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  • Writer's pictureJessica Morgan McAtee

Enneagram 2: Helper Giver

Updated: Jul 18, 2020

Twos enjoy being generous. This is why they are often called Helpers or Givers. They can be genuinely helpful and they value friendship, family, love, relationships and sharing above all else. Think of the perfect parent. They are compassionate and empathetic. They acquire a feeling of being loved by the closeness they establish through their giving. They care about others. They have warm smiles and open arms for anyone who needs a hug.

Their homes are open and welcoming. These are friends who listen and lend a shoulder to cry on. They will step in when someone is feeling down and their optimistic approach is a soft place to land. They focus on meeting the needs of others. Most of the Twos I know are incredible cooks who love to feed a hungry mouth.

On the dark side, these helpful efforts can become an indiscriminate type of people-pleasing that is a form of giving with strings attached. Twos secretly believe others have more needs than they do and would be unable to make it without the help of the Two. They think they have less needs than others. This hidden pride is the passion of the Two.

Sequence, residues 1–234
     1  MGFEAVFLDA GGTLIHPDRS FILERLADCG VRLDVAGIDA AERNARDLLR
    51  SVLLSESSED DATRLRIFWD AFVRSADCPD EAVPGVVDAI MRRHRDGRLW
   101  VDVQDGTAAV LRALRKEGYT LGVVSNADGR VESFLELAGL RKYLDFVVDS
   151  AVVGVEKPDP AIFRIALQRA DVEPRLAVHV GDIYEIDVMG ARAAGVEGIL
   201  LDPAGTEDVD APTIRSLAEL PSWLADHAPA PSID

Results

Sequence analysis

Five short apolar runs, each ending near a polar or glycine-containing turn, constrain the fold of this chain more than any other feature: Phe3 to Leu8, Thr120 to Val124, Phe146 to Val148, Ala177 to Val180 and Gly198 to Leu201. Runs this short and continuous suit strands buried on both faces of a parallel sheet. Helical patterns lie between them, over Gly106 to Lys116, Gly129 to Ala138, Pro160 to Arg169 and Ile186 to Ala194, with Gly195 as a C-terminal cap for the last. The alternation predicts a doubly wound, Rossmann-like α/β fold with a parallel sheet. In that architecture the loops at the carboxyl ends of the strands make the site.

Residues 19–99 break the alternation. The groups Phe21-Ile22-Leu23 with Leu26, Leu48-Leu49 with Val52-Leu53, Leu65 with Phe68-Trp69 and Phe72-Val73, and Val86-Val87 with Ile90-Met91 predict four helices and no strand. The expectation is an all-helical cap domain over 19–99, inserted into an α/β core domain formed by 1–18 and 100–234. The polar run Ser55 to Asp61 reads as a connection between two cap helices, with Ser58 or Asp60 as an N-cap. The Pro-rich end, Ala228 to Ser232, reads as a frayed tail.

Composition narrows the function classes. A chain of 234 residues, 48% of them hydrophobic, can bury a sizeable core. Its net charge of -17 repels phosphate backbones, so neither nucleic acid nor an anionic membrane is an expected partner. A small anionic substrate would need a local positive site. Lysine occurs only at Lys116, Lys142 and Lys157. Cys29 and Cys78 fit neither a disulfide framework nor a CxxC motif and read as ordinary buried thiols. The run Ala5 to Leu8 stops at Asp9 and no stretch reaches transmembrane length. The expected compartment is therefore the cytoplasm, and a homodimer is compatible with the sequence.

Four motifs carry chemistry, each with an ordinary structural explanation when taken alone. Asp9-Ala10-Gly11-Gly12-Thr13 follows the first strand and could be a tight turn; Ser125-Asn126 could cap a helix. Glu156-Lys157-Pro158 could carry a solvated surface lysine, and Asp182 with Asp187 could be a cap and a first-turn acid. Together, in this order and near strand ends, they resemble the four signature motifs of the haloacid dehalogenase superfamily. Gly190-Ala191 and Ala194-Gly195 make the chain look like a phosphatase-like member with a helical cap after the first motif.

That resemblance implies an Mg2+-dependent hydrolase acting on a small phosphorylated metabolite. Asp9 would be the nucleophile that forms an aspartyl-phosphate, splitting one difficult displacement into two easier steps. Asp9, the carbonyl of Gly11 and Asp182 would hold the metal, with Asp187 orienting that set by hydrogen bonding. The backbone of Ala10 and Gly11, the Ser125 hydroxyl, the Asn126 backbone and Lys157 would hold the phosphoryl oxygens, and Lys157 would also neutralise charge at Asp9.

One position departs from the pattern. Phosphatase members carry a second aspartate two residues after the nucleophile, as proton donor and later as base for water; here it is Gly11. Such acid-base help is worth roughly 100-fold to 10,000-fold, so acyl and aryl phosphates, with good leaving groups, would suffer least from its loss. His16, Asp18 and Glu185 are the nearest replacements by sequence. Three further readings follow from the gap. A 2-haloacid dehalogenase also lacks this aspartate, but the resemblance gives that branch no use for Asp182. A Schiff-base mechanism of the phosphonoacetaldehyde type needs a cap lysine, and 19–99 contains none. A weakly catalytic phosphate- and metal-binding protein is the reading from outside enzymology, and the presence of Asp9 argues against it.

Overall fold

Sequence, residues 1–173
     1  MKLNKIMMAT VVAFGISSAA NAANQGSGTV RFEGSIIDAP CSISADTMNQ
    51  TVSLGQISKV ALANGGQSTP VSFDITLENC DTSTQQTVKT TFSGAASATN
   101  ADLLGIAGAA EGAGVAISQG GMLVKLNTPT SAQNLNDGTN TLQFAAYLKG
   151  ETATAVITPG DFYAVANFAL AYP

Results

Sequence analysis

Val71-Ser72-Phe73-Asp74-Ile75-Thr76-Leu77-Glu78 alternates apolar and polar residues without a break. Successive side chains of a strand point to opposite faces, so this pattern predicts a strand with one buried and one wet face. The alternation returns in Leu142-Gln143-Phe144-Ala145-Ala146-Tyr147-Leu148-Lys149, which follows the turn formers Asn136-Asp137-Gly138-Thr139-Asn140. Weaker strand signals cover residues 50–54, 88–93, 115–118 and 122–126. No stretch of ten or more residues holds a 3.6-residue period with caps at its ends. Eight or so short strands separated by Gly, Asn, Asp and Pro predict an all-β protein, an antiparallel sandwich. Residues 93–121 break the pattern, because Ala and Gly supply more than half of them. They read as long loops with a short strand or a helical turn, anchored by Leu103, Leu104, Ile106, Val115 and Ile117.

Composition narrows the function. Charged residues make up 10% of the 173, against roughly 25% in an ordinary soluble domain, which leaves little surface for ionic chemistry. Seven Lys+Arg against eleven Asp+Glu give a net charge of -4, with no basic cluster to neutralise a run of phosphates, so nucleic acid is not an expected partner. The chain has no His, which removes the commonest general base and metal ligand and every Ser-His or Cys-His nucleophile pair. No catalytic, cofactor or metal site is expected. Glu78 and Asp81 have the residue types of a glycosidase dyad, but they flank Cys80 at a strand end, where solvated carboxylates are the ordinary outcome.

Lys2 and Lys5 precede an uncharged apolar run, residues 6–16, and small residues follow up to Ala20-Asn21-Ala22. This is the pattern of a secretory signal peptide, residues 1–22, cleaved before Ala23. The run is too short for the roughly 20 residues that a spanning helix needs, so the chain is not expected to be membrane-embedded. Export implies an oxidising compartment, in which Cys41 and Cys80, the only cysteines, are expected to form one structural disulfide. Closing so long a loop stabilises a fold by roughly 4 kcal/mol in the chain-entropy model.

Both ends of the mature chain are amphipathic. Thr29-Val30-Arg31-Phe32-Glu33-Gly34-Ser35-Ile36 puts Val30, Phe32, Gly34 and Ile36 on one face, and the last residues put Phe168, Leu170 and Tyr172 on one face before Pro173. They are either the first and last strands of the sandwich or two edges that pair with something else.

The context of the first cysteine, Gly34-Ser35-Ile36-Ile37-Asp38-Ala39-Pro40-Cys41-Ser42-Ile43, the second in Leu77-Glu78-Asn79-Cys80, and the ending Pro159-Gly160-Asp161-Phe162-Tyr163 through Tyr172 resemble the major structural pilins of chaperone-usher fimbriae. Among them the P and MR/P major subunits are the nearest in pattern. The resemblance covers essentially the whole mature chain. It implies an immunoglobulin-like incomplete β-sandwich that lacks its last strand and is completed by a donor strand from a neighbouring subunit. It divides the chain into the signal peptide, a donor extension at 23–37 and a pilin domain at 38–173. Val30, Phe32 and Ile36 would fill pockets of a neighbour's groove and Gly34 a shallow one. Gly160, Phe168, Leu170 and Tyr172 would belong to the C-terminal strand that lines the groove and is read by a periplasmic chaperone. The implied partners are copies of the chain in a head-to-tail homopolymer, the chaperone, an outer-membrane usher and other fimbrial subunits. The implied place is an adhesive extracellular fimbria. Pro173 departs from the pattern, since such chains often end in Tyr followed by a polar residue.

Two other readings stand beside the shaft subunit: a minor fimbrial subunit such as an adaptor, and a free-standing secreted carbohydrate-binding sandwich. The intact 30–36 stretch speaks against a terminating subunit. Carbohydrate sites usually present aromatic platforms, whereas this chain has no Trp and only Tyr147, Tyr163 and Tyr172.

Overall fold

They are convinced that through flattery they can make anyone like them. This is exhausting. Twos can be codependent. They tend to be enablers if unaware. Others can experience their giving as manipulative, intrusive and suffocating.

Twos (along with Threes and Fours) are in the Emotional or Heart center of intelligence. The focus of this group is connection, affection, bonding, image and acceptance. They filter the world first through emotions. They can mirror the moods of others to stay connected to them. Sometimes this is genuine and healthy but it can disintegrate into something else. In order to receive love and approval, they create an appropriate image. They fear they are not lovable.

When Twos become aware, they learn to acknowledge, and express their needs. Then, they can receive from others. The practice of humility helps them develop their highest virtue. They don't feel the need to fake friendliness or helpfulness but can be sincere and tell others "no" when necessary. They stop trying to be everything to everybody. They don't need to be everyone's favorite. They realize they are worthy of love just as they are. They recognize that others will love them even without exorbitant giving and engulfing.

Healthy Twos give without expecting anything in return. They genuinely care about people. They will look at the dark places inside of them rather than only seeing the positive, loving side. They are cheerful, comfortable in their own skin and radically gracious and humble.

With no strings attached,

Jessica Morgan McAtee

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